missing terms in the sequence, showing your method.
x
y
x
y
1
5
2
3
11
x
y
1
18
2
3
1
12
2
3
4
4
5
5
-10
6
7
-6
Describe your method for finding the missing terms. Will the method always work? How do you
know?
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Here are a few more arithmetic sequences with missing terms. Complete each table, either using
the method you developed previously or by finding a new method.
x
y
1
50
x
y
x
y
2
1
40
1
-23
2
2
3
4
86
3
3
4
4
5
5
6
6
10
7
8
5
The missing terms in an arithmetic sequence are called “arithmetic means”. For example, in the
problem above, you might say, “Find the 6 arithmetic means between -23 and 5”. Describe a
method that will work to find arithmetic means and explain why this method works.
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Sequences 8
Ready, Set, Go!
Ready
Topic: Comparing arithmetic and geometric sequences
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1. How are arithmetic and geometric sequences similar?
2. How are they different?
Set
Topic: arithmetic sequences
Each of the tables below represents an arithmetic sequence. Find the missing terms in the
sequence, showing your method.
3. Table 1
x
y
1
3
4. Table 2
x
y
1
2
3
4
2
26
2
3
12
5. Table 3
6. Table 4
x
1
2
3
4
x
1
2
3
4
5
y
24
6
y
16
2
Go
Topic: Determine if the sequence is arithmetic, geometric, or neither. Then determine the recursive and
explicit equations for each (if the sequence is not arithmetic or geometric, try your best).
7. 5, 9, 13, 17,…
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Sequences 8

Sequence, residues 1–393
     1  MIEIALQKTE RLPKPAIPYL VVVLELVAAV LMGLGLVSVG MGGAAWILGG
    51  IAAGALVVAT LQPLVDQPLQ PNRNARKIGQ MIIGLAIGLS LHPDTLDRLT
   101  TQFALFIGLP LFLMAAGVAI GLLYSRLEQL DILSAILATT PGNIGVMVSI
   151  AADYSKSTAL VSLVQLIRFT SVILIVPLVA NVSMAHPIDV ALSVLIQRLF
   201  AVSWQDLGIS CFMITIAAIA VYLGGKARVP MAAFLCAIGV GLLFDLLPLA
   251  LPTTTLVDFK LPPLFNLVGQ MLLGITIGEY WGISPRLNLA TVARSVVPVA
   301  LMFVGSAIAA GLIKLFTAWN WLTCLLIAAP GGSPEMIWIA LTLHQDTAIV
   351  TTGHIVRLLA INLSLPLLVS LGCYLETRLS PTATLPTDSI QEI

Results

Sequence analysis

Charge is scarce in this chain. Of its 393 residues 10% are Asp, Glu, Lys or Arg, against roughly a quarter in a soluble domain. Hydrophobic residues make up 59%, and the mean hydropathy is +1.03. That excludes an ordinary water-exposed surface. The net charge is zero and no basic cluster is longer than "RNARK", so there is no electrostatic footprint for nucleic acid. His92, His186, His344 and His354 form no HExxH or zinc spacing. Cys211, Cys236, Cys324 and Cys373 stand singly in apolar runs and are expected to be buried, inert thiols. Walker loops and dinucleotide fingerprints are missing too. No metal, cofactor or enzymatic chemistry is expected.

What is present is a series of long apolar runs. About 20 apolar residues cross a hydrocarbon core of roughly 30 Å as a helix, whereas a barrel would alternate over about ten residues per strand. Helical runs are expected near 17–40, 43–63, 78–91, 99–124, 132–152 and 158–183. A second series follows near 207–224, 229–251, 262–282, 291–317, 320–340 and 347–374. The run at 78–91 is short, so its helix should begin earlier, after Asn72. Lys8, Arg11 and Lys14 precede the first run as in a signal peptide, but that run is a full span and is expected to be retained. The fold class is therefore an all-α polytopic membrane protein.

8. 60, 30, 0, -30,…
9. 60, 30, 15,
,…
10.
11. 4, 7, 12, 19, …
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Geometric Meanies
A Solidify and Practice Task
Each of the tables below represents a geometric sequence. Find
the missing terms in the sequence, showing your method.
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Table 1
x
y
1
3
2
3
12
Is the missing term that you identified the only answer? Why or why not?
Table 2
x
y
1
7
2
3
4
875
Are the missing terms that you identified the only answers? Why or why not?
Table 3
x
y
1
6
2
3
4
5
96
Are the missing terms that you identified the only answers? Why or why not?
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Table 4
x
y
1
4
2
3
4
5
6
972
Are the missing terms that you identified the only answers? Why or why not?
A. Describe your method for finding the geometric means.
B. How can you tell if there will be more than one solution for the geometric means?
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Sequences 9
Ready, Set, Go!
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Ready
Topic: Arithmetic and geometric sequences
For each set of sequences, find the first five terms. Compare arithmetic sequences and geometric
sequences. Use the given information to help explain how they are similar and how they are different.
Which grows faster? When?
1.
Arithmetic sequence: ( )
Geometric sequence: ( )
Arithmetic:
( )
( )
( )
( )
( )
Geometric:
( )
( )
( )
( )
( )
Whose value do you think will be more for (
2.
Arithmetic sequence: ( )
Geometric sequence: ( )
Arithmetic:
( )
( )
( )
( )
( )
Geometric:
( )
( )
( )
( )
( )
Whose value do you think will be more for (
3.
Arithmetic sequence: ( )
Geometric sequence: ( )
Arithmetic:
( )
( )
( )
( )
( )
)? Why?
)? Why?
Geometric:
( )
( )
( )
( )
( )
Whose value do you think will be more for (
)? Why?
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Sequences 9
Arithmetic sequence: ( )
Geometric sequence: ( )
Arithmetic:
( )
( )
( )
( )
( )
4.
Geometric:
( )
( )
( )
( )
( )
Whose value do you think will be more for (
5.
)? Why?
Compare arithmetic sequences and geometric sequences growth rates. Which grows faster?
When?
Set
Topic: Geometric sequences
Each of the tables below represents a geometric sequence. Find the missing terms in the sequence,
showing your method.
6. Table 1
x
y
1
3
7. Table 2
x
1
2
3
4
2
3
12
8. Table 3
y
2
54
x
1
2
3
4
y
5
20
9. Table 4
x
1
2
3
4
5
y
4
324
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Sequences 9
Go
Topic: Given the following information, determine the explicit equation for each geometric sequence.
10.
( )
11.
( )
12.
( )
( )
(
(
)
)
( )
Which geometric sequence above has the greatest value at
(
)?
Need Help? Check out these videos:
Geometric sequence http://www.khanacademy.org/math/algebra/ck12-algebra-1/v/geometricsequences--introduction